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Re: Efficient Create Swap File?



Mikkel L. Ellertson wrote, On 03/27/2009 06:44 PM:
Todd Denniston wrote:
This brings up a question for me...
If using the first method, while in use or during the mkswap command,
does the  bits written to the file end up at the same physical locations
as the 0s they are replacing?
Yes - you are saving back to the same file. Not like a work
processor that makes a new file, and then renames it to the name of
the original file.
if they do, then the first method on a disk that is not fragmented,
would give you a contiguous swap space.
if they don't, then like you say, what is the point of writing all the
0s to disk?

So then do we have to think about our file systems?
msdos/vfat would write to the same locations I think.
ext2 would write to the same locations I think.
ext3 without journaling, would write to the same locations I think.???
This is the same as ext2. (ext3 is ext2 with journaling.)
ext3 with journaling, pathology???
ext4 with/without journaling, I have not used or read about.???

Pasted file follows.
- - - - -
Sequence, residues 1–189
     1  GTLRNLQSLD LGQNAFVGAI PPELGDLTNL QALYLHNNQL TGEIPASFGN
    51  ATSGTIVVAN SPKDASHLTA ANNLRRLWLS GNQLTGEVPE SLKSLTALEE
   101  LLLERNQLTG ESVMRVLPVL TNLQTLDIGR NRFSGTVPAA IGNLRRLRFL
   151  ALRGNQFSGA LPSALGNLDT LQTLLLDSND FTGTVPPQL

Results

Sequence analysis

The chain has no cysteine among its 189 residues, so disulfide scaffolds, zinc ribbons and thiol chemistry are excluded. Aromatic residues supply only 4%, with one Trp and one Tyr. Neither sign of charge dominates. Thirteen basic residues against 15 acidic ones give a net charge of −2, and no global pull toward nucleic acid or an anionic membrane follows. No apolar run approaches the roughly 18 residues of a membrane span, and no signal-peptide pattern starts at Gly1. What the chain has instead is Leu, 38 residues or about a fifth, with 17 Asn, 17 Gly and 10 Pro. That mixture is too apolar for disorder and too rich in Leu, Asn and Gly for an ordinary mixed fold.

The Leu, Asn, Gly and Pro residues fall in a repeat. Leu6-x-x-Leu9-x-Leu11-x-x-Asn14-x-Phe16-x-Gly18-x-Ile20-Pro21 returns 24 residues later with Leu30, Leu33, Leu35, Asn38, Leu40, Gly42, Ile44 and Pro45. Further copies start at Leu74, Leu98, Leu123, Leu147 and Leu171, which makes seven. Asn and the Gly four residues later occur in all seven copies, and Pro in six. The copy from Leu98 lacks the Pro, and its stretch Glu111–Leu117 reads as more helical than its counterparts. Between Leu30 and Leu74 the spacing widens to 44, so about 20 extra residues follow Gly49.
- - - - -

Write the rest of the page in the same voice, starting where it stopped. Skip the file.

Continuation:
riser???
others???

Journaling should not make a difference. It is still reading/writing
the same file on the disk.

I am not sure how to explain this. You are accessing the file just
like you would access a hard drive. You are doing the equivalent of
accessing the track and sector of a hard drive. (Note: hard drives
are accessed as files under Linux/UNIX.) So if you read one block
from the file, modify it, and write it back to the same place, it is
also on the same place on the hard drive as the old block was.

Mikkel


My confusion sets in when I start thinking about the way the Journaling file system works, which I probably do not understand fully.

I thought that when you did a write, the file system (ext[34] in journal mode) would actually write to the journal area (which might be on different physical media) and then do the real write to the final physical media and after that was done it would mark the journal as done.... which, to me, might mean it was not writing to the same PHYSICAL location in the media. So yes everything is still a file to Unix, but are the gymnastics that are going on in the Journaling file system driver making all the nice setup not worth while?

Not enough time for me to investigate properly.
--
Todd Denniston
Crane Division, Naval Surface Warfare Center (NSWC Crane)
Harnessing the Power of Technology for the Warfighter


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